I don’t know about you, but I have a socket set out in my toolbox that’s missing about 2/3s of the sockets, and the wrench itself only about half works, and the sockets I have left are the super huge ones and super tiny ones for which there are no bolts made by man. As a result, it’s more or less useless to me, but you don’t want to throw it away because OMG WHAT IF I NEED TO TIGHTEN A TINY BOLT!
In any event, there’s a fix for that solidly planted in the future. But at least we’re a little closer today. The geniuses over at MIT have made some pretty significant strides in creating what I like to callSmart Sand, but they call it “self-sculpting” sand.
The idea is pretty simple: tiny individual grains can be given a command to switch their magnets on or off to combine together to make –on demand– nearly anything. A hammer, a perfectly sized wrench, socket, screwdriver. A jack, a lug wrench, a – well, you get the idea.
Combine this with the glasses technology from my last post, and you’ve got a virtual bottomless toolbox anywhere you need it. The glasses can transmit information to the toolbox about the task at hand, automatically measuring bolts and screws, so you can reach in and pull out the right tool every time, easier than “Accio Screwdriver.”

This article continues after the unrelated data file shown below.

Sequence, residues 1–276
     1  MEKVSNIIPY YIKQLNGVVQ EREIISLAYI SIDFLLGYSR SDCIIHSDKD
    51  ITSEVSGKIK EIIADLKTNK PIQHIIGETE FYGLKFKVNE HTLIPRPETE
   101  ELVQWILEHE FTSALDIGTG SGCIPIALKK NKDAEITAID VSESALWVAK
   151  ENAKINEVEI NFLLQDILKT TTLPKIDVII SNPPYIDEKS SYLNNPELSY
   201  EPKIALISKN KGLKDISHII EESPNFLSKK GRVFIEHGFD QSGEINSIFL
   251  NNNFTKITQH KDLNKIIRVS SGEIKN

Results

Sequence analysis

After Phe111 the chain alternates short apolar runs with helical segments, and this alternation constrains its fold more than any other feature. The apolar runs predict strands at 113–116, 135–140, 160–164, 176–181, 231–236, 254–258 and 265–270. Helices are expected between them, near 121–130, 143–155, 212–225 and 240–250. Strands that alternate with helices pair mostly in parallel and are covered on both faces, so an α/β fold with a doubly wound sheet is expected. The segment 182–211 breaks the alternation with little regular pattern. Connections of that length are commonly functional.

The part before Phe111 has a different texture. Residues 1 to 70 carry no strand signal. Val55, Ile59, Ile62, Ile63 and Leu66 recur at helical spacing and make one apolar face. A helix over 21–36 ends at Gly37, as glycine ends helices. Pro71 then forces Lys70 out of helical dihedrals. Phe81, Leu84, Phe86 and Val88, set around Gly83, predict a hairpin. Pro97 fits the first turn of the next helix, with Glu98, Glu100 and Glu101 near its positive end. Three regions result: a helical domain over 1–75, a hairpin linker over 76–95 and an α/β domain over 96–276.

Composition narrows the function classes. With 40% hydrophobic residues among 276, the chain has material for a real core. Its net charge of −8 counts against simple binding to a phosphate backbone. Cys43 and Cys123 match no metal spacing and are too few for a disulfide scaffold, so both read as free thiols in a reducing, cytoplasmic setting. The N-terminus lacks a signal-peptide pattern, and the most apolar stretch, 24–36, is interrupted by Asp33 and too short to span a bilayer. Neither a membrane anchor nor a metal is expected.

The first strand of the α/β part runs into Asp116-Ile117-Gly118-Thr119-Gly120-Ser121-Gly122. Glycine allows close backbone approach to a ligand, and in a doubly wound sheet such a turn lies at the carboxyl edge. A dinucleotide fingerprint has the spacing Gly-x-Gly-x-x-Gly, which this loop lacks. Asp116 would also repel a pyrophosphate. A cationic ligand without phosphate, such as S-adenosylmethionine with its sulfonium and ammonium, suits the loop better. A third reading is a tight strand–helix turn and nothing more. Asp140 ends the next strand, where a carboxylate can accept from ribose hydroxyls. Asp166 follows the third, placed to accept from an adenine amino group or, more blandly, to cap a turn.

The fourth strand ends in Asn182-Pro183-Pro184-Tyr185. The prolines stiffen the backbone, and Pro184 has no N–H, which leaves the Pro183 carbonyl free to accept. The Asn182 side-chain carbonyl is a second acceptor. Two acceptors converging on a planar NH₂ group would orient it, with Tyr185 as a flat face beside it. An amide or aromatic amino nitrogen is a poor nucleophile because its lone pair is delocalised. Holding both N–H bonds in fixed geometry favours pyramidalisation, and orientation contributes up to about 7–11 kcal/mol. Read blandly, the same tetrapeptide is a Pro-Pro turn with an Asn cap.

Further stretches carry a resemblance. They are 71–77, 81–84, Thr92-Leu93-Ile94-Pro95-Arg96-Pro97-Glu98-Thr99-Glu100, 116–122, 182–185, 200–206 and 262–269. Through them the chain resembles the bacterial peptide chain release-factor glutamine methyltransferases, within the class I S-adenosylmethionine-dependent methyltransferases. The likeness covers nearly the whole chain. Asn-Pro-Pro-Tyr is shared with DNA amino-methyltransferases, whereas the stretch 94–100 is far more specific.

Imagine having one in your car. You never have to worry about whether you’ve got a jack, or the tools to change your tires. Have them for astronauts so they can always have the tool or the part they need without the need for large and heavy sets of tools.
This is just another step forward, and while the researchers at MIT are a long ways from having small enough component pieces to actually form many useful objects, the fact remains that they’ve made great strides, and it’s just a matter of time before the technology gets small enough to make their dream a reality.
I’ve always been one to look forward to the future, often to a fault, but it’s exciting what’s out there. What we can do. What we have already done to reach such feats of technical and scientific skill and prowess. Often people look to nature to find the beautiful and the wondrous, and I don’t mean to say that we are wrong, but it is not arrogant, it is not prideful to also look at the works of man and stand in awe of our ingenuity, our creativity, and our penchant for solving problems. The natural world has its many marvels, and I revel in those as well, but from time to time, I feel we ought to pat ourselves on the back. We’ve come a long way in an exceedingly short amount of time, whether you want to count time on an evolutionary or creationist scale.
Over the course of a few thousand years, we’ve gone from caves, to farms, to written tablets, to bronze, to iron, and so on to today, the silicon age. It’s mighty satisfying to know we beat continent-wide epidemic, 2 world-wars, the thread of nuclear annihilation, and we’re still going strong inventing, dreaming, and making those dreams reality. Helps me feel good on days when I feel like I’m just spinning my wheels anyhow. How about you?